A prayer for listening hearts: wisdom for Alberta’s MLAs
COFFEE WITH WARREN, with Warren Harbeck
By the time this column appears in print, the results of this week’s Alberta provincial election will be in. I’m writing before the results have been decided, but what I have to say applies to whoever the winners are.
For me, the call to governing a people is well informed by the example of wise Solomon, the king of Israel some 3,000 years ago. When he ascends the throne of his deceased father, David, God comes to him in a dream and asks him what he’d like from God.
Solomon responds: “O Lord, my God, you have made your servant king in place of my father David, although I am only a little child; I do not know how to go out or come in. And your servant is in the midst of the people whom you have chosen, a great people, so numerous they cannot be numbered or counted. Give your servant therefore an understanding mind to govern your people, able to discern between good and evil.” (1 Kings 3:7–9)
Note especially the phrase, “understanding mind,” the focus of his request. In the original Hebrew, that phrase is lev shome’a, literally “a listening heart.”
God is pleased. Solomon could have asked for long life, riches and revenge against his enemies. But no, he asks for a listening heart in order to guide his people wisely.
Ah yes, a listening heart, a heart that is sensitive both to the voice of God and to the needs of the people. A heart, not of sentimentality, but of spiritually and morally informed observation, reason and reflection within the awesome mandate such leadership implies.
A heart that beats to the rhythm of the Shema, the core of the Torah, the sacred law of Israel: “You shall love the Lord your God with all your heart” . . . and by extension, “love your neighbour as yourself.”
And indeed, that’s just what God gives him, so that Solomon has come down through the ages as “the wisest king that ever was.”
There is a psalm associated with Solomon’s coronation, the same psalm from which our nation of Canada derives its motto, A mari usque ad mare, “From sea to sea.” Psalm 72 opens:
“Give the king your justice, O God, and your righteousness to a king’s son. May he judge your people with righteousness, and your poor with justice. May the mountains yield prosperity for the people, and the hills, in righteousness. May he defend the cause of the poor of the people, give deliverance to the needy . . . . May he be like rain that falls on the mown grass, like showers that water the earth.”
Clearly, the listening heart that God gave Solomon was not primarily about wealth and prosperity, but about a balance between prosperity and charity, wealth and the welfare of even the poorest among the people.
I find it interesting, in the light of so much emphasis today on divorcing godliness from governance, that for the psalmist, seeking God’s governance first is fundamental to human governance and necessarily precedes any desire for national prosperity. Only with that priority clearly established does the psalm continue:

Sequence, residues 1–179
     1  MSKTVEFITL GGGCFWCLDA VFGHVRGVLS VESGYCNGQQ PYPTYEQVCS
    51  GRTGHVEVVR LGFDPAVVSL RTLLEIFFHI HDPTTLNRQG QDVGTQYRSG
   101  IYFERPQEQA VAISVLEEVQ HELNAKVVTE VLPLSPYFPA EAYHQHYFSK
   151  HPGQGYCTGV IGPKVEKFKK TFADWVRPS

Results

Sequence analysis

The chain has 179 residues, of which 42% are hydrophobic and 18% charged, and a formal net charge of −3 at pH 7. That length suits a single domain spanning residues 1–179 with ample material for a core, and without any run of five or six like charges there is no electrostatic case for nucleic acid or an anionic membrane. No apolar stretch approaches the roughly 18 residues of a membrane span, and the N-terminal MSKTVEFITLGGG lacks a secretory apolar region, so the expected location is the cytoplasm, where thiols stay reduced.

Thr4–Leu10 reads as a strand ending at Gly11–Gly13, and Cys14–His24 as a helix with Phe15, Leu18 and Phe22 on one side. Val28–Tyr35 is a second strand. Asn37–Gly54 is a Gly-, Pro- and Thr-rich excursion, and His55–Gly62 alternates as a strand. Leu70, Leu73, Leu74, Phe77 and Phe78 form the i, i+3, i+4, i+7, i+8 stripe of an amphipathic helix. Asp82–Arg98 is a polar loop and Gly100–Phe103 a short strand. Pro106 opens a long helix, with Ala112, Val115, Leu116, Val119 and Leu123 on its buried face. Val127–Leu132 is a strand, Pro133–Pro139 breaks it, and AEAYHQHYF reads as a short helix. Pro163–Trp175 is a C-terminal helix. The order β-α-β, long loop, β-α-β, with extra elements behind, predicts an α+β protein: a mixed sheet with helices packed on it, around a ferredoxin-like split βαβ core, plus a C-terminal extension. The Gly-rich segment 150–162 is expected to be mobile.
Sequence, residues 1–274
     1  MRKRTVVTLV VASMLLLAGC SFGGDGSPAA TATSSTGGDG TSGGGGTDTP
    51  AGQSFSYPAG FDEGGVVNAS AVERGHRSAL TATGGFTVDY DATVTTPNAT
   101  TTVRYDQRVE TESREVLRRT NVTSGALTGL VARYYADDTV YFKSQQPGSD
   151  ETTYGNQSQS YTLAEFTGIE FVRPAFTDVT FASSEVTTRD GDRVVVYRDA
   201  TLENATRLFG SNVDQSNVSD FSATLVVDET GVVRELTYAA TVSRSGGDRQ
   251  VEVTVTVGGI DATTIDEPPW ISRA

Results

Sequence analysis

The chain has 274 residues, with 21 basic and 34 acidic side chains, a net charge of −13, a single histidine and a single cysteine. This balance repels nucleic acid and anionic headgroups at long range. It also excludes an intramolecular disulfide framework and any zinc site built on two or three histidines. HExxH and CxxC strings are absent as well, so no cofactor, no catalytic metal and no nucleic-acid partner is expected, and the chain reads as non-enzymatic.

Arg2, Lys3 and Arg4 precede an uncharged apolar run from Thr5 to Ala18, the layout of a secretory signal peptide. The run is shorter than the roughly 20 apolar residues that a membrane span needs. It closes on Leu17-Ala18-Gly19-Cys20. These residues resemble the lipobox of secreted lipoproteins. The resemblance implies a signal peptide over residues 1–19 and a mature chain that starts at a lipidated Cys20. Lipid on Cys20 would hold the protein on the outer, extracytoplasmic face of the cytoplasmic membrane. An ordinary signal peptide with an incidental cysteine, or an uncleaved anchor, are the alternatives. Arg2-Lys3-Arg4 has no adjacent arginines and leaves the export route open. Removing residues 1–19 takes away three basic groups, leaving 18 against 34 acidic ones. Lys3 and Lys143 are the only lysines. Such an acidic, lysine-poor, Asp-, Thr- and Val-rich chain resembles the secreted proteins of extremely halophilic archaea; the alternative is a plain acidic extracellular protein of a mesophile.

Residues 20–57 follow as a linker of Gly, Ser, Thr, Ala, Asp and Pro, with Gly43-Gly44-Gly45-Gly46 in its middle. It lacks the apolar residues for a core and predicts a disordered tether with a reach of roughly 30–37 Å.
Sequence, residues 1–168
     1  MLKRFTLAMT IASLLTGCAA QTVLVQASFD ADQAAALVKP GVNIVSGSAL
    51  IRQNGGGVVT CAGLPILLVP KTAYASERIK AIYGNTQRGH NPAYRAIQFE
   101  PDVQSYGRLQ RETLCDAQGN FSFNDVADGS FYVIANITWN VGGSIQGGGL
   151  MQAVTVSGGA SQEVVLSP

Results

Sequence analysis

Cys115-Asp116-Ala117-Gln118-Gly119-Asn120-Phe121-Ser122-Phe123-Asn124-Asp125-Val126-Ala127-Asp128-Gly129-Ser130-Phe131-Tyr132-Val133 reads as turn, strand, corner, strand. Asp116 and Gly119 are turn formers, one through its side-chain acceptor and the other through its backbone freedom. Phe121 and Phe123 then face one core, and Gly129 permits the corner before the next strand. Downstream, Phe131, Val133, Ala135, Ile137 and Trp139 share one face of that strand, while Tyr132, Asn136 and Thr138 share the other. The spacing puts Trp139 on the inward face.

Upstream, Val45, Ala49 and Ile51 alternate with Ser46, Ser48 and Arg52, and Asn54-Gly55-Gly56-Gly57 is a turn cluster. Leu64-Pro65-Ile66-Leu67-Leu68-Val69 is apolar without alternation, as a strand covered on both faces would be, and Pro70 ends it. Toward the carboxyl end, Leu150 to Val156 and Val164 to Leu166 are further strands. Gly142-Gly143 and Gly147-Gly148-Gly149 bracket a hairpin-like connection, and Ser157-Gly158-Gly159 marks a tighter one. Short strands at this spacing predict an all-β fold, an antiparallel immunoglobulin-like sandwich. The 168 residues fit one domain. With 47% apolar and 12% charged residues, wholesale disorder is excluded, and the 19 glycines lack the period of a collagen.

“May there be abundance of grain in the land . . . and may people blossom in the cities like the grass of the field.”
When our political leaders today seem so caught up in the kind of legacy they want to be remembered for, it is instructive that Solomon’s legacy was ultimately to be rooted in one thing alone: godliness reflected in goodness – a legacy that has the potential to benefit the whole world. And with that balance in mind, the psalm pronounces a special blessing for the king:
“May his name endure forever, his fame continue as long as the sun. May all nations be blessed in him; may they pronounce him happy.”
The impassioned tone of this coronation psalm is not surprising in light of that encounter Solomon had with God at the beginning of his kingship.
Solomon had a good mentor in his vision and values for leadership. In his final words, his father, the beloved King David, spoke of the most important principle a king – or a premier, or any of the MLAs – must never lose sight of:
“One who rules over people justly, ruling in the fear of God, is like the light of morning, like the sun rising on a cloudless morning, gleaming from the rain on the grassy land” (2 Samuel 23:3-4).
May the premier and MLAs of our province likewise be so blessed with the wisdom of a listening heart that they, too, may govern us with listening hearts in a spirit of justice, compassion and humility.
In that spirit, and unrestricted by the Supreme Court’s recent ruling against municipal councils beginning their meetings with prayer, perhaps the Alberta Legislature might even adopt Calgary City Council’s former opening prayer:
“O God, author of all wisdom, knowledge and understanding, we ask Thy guidance in our consultations to the end that truth and justice may prevail in all our judgments.”
© 2015 Warren Harbeck